Political Implications of Group Stereotypes: Campaign Experiences of Openly Gay Political Candidates1

Authors

  • Ewa A. Golebiowska

    Corresponding author
    1. Department of Political Science Tufts University
      Correspondence concerning this article should be addressed to Ewa A. Golebiowska, Department of Political Science, Tufts University, 309 Eaton Hall, Medford, MA 02155. E-mail: ewa.golebiowska@tufts.edu
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    I thank the openly gay candidates and officials who participated in the survey reported in this paper. I am also grateful to the Gay and Lesbian Victory Fund and the National Association of Gay and Lesbian Elected Officials for sharing their lists of openly gay candidates and officials.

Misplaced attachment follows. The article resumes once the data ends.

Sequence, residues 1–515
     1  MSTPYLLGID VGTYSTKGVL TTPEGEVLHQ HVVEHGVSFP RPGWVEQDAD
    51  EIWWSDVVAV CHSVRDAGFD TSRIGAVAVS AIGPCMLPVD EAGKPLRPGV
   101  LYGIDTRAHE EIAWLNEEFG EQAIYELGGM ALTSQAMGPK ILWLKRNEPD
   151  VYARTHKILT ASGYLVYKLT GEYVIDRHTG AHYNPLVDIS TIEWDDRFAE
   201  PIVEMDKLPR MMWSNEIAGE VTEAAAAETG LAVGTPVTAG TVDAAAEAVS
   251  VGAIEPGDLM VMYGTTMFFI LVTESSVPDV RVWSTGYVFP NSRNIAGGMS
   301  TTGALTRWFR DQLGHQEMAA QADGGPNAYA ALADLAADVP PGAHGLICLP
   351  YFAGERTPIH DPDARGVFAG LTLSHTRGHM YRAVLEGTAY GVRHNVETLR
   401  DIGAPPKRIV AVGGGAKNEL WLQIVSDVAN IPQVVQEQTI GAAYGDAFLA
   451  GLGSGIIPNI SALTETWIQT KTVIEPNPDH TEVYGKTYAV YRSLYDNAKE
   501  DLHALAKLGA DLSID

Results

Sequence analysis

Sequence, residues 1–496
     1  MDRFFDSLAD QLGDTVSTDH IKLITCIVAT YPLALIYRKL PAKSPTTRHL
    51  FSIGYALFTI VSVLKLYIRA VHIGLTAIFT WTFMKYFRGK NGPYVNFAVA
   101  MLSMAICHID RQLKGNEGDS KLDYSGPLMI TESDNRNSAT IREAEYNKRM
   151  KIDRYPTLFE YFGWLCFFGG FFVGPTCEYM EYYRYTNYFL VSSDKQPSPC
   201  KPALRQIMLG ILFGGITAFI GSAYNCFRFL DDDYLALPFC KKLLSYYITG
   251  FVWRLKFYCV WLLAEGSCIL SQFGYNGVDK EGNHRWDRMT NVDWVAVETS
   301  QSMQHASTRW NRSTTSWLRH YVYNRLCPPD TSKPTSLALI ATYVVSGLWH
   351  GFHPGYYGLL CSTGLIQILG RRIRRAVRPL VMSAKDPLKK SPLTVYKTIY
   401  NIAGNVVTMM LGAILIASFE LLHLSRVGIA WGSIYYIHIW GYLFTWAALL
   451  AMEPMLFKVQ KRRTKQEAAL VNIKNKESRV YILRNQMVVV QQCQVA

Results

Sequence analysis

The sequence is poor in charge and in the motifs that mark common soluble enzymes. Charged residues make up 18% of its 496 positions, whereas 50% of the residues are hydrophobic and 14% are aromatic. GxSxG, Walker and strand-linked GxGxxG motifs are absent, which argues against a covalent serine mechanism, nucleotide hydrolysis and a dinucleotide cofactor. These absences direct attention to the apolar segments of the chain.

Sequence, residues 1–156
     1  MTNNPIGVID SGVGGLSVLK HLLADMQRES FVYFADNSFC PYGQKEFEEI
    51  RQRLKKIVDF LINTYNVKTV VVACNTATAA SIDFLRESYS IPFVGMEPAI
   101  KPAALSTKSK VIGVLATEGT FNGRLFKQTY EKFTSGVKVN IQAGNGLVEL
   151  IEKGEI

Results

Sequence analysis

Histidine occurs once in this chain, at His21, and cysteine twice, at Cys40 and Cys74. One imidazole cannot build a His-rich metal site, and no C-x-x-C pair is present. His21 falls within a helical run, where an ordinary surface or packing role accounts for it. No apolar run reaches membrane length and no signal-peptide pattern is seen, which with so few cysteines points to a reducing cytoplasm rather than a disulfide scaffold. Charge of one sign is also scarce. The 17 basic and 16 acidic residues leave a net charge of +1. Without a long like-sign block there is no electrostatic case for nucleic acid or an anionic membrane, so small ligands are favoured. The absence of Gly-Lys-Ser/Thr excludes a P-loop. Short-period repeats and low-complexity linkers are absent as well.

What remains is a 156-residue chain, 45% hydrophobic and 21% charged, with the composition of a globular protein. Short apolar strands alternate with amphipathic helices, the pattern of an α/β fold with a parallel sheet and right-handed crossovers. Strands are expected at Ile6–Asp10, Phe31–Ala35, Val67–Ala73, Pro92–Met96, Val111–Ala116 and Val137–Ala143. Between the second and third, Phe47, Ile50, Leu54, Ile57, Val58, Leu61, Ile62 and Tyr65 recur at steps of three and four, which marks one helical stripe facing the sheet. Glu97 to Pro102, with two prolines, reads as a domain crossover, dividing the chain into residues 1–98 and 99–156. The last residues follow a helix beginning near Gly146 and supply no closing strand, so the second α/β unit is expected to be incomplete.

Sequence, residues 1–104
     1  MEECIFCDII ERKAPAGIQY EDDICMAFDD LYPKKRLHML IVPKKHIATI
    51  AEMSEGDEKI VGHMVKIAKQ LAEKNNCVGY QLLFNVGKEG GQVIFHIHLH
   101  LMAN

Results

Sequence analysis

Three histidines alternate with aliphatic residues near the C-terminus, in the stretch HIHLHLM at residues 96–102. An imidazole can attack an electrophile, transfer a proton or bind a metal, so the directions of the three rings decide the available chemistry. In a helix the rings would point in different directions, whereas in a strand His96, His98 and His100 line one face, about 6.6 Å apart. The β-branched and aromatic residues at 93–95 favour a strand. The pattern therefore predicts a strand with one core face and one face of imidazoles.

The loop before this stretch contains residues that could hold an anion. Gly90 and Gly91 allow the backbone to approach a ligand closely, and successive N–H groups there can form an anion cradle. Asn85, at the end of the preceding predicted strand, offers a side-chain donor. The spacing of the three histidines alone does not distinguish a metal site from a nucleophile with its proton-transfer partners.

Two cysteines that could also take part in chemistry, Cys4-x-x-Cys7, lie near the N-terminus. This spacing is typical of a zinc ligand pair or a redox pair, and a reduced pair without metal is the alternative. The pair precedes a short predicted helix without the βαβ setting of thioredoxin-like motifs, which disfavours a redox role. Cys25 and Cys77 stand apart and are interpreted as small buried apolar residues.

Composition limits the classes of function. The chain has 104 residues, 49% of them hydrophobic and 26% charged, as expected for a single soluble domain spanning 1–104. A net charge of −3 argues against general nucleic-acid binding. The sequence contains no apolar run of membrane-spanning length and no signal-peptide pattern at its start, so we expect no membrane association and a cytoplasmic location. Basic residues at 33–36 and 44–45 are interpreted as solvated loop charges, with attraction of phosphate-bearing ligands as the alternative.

Correspondence concerning this article should be addressed to Ewa A. Golebiowska, Department of Political Science, Tufts University, 309 Eaton Hall, Medford, MA 02155. E-mail: ewa.golebiowska@tufts.edu

Abstract

The survey of openly gay officials and candidates was undertaken to investigate openly gay candidates’ perceptions about the role of stereotypical beliefs associated with their group in their political experiences. In addition to examining the general presence of stereotypical rhetoric in the campaign experiences of openly gay candidates, I investigated how its pervasiveness varied with the “liberalness” of the district in which the candidates competed, the timing of the candidates’ sexual-orientation disclosure, and the success or failure of their electoral efforts. While stereotypical beliefs about gay men seem not to play a prominent role in all openly gay candidates’ electoral experiences, generally speaking, their perceived influence is magnified under certain conditions.

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